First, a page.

Nijmegen is bursting at the seams with historical stories, ranging from leading figures to ordinary people, from neighbourhoods to political events. The Canon of Nijmegen encompasses the most important stories about Nijmegen’s history. One of these stories tells the tale of the political struggle between the Old and the New “Plooi.” How did this result in the murders of six regents in Nijmegen?
After the death of Stadholder William III in 1702, a struggle for political power arose between two rival factions of regent: the Old and New “Plooi.” This would eventually lead to the murder of six of these regents.
1675-1702: William III would elect the city council
In 1675, Stadholder William III had been granted the right to appoint the town council of Nijmegen, as the city’s way of thanking him for driving out the French troops that had occupied Nijmegen from 1672-1674. However, William’s policy of appointment soon aroused resistance: his focus on foreign policy meant that he repeatedly appointed the same regents, with whom he had close family and friendship ties. For years, the Beeckman, Roukens, Verbolt and De Beijer families dominated the council, which displeased many inhabitants of Nijmegen.
1702-1705: the struggle of the Old and New “Plooi”
Following William III’s death in 1702, the council appointed by the stadholder – the Old “Plooi” – decided to permanently take over the city’s administration. The prominent families in Nijmegen who’d been excluded from taking part in the administration since 1675 revolted in reaction to this, forming the New “Plooi.” Their rebellion gained support from the guilds, which had held a lot of influence on the administration during the Middle Ages. When six members of the current council, including mayor Willem Roukens, refused to give up their seats, the New “Plooi” deposed the entire council in June of 1702. A new council was elected, consisting of both old council members and guild masters.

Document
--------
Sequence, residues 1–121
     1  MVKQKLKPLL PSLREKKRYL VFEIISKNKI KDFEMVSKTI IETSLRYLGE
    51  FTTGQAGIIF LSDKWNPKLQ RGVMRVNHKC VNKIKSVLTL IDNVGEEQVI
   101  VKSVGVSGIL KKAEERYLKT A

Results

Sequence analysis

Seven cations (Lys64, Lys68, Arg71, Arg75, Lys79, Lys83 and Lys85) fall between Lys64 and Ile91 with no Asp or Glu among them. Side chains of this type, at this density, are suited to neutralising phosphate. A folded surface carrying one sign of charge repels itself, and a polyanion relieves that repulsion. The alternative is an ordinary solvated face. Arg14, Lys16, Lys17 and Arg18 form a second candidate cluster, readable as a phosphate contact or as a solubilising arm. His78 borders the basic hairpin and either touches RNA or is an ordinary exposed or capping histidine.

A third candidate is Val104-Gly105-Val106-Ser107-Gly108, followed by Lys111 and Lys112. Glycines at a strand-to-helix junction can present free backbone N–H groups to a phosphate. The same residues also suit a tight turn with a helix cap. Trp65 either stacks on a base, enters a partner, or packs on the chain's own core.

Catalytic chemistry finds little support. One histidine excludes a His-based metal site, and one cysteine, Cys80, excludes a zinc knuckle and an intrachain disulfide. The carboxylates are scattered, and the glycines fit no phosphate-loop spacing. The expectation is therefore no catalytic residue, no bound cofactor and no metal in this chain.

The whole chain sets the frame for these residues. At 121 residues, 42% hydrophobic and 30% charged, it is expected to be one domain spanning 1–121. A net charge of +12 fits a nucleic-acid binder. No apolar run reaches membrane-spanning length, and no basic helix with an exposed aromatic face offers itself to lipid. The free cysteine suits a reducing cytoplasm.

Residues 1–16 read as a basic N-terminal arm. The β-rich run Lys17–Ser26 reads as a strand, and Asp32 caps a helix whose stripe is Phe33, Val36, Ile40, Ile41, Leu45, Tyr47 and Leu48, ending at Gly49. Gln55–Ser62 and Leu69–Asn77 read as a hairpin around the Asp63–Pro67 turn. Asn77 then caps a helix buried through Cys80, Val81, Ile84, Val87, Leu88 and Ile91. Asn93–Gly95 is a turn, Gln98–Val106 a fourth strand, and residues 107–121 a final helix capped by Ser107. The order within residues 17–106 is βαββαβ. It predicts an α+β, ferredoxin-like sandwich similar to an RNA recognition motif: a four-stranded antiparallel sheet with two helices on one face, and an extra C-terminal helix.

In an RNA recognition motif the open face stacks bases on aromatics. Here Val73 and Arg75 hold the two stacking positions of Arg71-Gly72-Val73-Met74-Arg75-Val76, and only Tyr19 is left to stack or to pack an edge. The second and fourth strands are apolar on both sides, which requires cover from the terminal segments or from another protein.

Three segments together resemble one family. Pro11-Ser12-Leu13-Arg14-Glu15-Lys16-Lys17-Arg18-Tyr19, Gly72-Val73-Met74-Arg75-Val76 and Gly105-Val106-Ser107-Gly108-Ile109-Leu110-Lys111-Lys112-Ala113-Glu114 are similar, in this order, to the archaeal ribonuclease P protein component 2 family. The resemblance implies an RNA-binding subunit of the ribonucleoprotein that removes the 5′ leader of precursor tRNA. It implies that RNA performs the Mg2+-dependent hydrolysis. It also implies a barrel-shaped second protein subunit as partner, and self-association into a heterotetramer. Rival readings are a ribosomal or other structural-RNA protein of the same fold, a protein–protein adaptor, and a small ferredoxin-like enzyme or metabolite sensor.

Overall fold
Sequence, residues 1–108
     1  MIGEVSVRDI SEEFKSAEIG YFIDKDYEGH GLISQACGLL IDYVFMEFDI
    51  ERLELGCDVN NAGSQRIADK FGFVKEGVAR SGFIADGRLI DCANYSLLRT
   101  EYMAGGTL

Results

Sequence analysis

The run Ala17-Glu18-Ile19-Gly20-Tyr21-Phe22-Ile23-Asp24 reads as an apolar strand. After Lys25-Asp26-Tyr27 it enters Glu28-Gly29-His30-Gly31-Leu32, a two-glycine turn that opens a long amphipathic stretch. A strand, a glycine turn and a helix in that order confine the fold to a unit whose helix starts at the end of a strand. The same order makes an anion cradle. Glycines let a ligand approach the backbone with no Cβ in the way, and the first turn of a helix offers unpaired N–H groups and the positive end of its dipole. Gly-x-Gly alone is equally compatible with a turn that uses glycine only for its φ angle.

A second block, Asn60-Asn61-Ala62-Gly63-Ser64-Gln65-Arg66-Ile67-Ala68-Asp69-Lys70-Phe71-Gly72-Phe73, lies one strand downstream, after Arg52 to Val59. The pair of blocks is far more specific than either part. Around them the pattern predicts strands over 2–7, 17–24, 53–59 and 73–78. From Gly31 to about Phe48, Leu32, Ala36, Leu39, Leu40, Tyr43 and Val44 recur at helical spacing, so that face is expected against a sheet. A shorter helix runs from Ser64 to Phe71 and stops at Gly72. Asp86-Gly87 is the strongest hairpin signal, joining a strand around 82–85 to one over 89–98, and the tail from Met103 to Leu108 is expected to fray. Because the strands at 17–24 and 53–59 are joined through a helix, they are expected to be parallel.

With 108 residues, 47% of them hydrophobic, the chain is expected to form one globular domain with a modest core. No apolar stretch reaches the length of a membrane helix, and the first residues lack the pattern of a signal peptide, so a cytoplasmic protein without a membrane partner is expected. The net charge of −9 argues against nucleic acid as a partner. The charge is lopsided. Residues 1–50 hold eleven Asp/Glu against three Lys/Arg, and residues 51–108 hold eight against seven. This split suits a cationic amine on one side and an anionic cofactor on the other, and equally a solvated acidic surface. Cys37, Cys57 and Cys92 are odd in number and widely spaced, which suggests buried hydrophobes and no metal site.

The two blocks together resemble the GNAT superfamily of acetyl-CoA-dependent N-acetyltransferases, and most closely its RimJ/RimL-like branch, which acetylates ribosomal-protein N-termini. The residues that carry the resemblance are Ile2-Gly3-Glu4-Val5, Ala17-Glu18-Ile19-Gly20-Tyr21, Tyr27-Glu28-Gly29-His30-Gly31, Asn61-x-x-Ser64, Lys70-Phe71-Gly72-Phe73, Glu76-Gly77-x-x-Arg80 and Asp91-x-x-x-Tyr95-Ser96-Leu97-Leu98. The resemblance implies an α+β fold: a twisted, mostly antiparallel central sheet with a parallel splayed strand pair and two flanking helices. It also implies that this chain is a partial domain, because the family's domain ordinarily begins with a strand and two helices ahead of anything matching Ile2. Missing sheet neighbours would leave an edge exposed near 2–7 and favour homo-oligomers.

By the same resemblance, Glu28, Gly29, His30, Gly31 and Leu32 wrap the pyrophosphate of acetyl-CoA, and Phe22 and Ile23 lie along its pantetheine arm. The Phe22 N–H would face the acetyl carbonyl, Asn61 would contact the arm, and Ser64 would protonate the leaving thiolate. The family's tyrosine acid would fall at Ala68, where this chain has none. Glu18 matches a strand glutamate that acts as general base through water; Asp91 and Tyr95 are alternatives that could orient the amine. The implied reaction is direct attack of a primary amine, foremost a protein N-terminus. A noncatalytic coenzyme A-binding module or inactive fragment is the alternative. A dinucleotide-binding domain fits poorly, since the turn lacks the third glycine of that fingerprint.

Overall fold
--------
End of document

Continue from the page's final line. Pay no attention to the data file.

City Hall in Nijmegen
A short time later, the Old “Plooi” was restored to power with the help of the city’s garrison, but the New “Plooi” managed to once again recapture the town hall with the help of the people of Nijmegen. Meetings of the Old “Plooi” brought with them the threat of riots, so the new city council banished Willem Roukens and six of his supporters to be on the safe side. As a result, the Old “Plooi” decided to react with violence “so that we can breaks the necks of the new rulers,” and called in henchmen, who briefly occupied the town hall on August 7th, 1705. Supporters of the New “Plooi” managed to violently expel the mob on the same day, resulting in three casualties. The feeling of indignation among the New “Plooi” was so great that they hung five henchmen from the windows of the council chamber on the second floor, the present-day Trêveszaal, as a deterrent. Willem Roukens, who had been waiting outside the town hall for his plan to succeed, was taken prisoner. He was beheaded without a trial the next day.
Immerse yourself in the rich history of the oldest city in the Netherlands, because Nijmegen has a lot of stories to tell you. Curious? You can read all about it in this historical timeline.